In 1998, Norway commissioned a study of wind power in Denmark and concluded that it has "serious environmental effects, insufficient production, and high production costs."
Denmark (population 5.3 million) has over 6,000 turbines that produced electricity equal to 19% of what the country used in 2002. Yet no conventional power plant has been shut down. Because of the intermittency and variability of the wind, conventional power plants must be kept running at full capacity to meet the actual demand for electricity. Most cannot simply be turned on and off as the wind dies and rises, and the quick ramping up and down of those that can be would actually increase their output of pollution and carbon dioxide (the primary "greenhouse" gas). So when the wind is blowing just right for the turbines, the power they generate is usually a surplus and sold to other countries at an extremely discounted price, or the turbines are simply shut off.
Denmark is just dependent enough on wind power that
1. When the wind is not blowing right they must import electricity 2. Danish electricity costs for the consumer are the highest in Europe(June 2009)
"...If only the wind was as constant as the bloody-minded obduracy of those proponents of wind energy, who may be able to act as polemicists for their cause, but cannot - or rather, will not - engage with the facts. Your letters section on 25 September was more than usually replete with rational arguments pointing out the inadequacies of wind energy and other renewable energy sources, in providing dependable supplies of electricity in the large amounts required. This followed weeks of other similar letters presenting the facts of the situation. These facts, as the old Doric expression tells, "are chiels that winnae ding". Yet neither the Scottish Government, the RSPB, FOE, WWF nor Renewable Scotland has engaged with the desperate energy situation that Denmark finds herself in, after massive investment in wind power - an investment that has not secured dependable energy, has cost a fortune and has not reduced carbon emissions. Further, despite multiple references to it, none of the above has engaged with the information presented in the Neta website and the reality of what amount of energy is actually being derived from wind, hydro and pump storage. They are also silent about the minuscule part Scotland plays in the overall carbon emission "problem". This silence is as chilling as the silence on a 20 below zero windless day at a wind farm. I challenge them to end it."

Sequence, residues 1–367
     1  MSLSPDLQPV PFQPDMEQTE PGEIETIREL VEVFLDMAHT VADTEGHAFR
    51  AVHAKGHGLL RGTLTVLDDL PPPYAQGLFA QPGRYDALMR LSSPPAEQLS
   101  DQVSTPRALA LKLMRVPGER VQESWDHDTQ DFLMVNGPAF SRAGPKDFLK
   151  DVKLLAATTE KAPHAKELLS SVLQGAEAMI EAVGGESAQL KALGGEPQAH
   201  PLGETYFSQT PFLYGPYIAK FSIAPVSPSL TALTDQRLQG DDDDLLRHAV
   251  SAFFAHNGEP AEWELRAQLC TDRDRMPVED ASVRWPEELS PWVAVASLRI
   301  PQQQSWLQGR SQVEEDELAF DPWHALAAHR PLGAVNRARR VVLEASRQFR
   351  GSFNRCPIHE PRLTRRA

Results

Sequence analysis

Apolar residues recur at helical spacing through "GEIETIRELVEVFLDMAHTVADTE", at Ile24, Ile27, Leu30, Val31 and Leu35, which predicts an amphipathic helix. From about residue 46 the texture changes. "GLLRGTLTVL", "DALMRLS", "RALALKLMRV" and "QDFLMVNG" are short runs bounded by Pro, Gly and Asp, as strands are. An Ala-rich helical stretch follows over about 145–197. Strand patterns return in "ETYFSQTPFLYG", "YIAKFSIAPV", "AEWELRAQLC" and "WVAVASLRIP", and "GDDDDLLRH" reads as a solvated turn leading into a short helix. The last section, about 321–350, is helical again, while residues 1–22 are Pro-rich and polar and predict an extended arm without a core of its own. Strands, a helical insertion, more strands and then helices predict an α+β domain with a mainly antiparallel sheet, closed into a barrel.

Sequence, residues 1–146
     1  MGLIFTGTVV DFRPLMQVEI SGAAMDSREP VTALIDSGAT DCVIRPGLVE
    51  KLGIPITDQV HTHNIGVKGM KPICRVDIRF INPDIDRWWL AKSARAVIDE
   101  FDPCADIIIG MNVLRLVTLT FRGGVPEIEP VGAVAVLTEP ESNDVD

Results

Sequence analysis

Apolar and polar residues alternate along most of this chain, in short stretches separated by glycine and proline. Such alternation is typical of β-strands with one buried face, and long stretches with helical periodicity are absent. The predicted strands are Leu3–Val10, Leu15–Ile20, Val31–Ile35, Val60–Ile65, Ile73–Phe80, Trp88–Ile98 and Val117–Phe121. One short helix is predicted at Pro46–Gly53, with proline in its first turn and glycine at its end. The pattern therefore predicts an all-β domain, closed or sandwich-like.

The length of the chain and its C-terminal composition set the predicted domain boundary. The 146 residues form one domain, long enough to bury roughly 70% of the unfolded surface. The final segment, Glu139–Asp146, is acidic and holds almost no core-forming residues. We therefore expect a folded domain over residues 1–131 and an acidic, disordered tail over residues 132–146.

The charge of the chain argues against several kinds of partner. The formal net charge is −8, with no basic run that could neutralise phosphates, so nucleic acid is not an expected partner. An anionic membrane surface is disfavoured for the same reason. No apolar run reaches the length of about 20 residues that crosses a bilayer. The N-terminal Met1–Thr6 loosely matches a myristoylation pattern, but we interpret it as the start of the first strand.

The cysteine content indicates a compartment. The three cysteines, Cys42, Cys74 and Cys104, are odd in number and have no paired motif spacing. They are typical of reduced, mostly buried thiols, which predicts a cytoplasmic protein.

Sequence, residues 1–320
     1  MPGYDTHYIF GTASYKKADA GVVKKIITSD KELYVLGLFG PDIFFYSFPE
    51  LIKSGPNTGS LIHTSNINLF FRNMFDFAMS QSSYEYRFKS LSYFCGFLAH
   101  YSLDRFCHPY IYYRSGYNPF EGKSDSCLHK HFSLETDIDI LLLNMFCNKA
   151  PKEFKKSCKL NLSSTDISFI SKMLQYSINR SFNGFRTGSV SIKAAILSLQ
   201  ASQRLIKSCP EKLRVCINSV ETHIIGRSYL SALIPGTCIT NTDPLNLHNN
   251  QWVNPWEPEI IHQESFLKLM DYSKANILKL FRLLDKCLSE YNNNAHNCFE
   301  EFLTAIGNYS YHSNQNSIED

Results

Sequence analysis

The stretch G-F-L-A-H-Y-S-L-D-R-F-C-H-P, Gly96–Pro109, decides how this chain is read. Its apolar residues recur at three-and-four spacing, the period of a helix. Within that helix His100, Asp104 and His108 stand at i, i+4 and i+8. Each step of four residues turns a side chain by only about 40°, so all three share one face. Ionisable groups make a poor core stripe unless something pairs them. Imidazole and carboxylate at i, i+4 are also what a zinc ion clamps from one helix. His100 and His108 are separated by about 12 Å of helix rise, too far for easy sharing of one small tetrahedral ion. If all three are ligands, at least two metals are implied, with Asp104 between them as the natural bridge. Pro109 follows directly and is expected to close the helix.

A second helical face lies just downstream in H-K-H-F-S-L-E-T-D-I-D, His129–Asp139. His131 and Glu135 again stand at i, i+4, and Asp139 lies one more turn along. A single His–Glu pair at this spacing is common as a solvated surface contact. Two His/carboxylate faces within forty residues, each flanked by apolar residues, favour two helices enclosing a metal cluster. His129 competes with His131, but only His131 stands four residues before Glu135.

Is wind power as green as it seems?Denmark is the world’s most wind-intensive state with more than 6,000 turbines generating 19% of its electricity. But this figure is misleading, says Tony Lodge of the Centre for Policy Studies. Not one conventional power plant has been closed in the period that Danish wind farms have been developed.
In fact, the Danish grid used 50% more coal-generated electricity in 2006 than in 2005 to cover wind’s failings. The quick ramping up and down of those plants has increased their pollution and carbon dioxide output – carbon emissions rose 36% in 2006.
Meanwhile Danish electricity costs are the highest in Europe. The Danish experience suggests wind energy is “expensive, inefficient and not even particularly green”, says Lodge.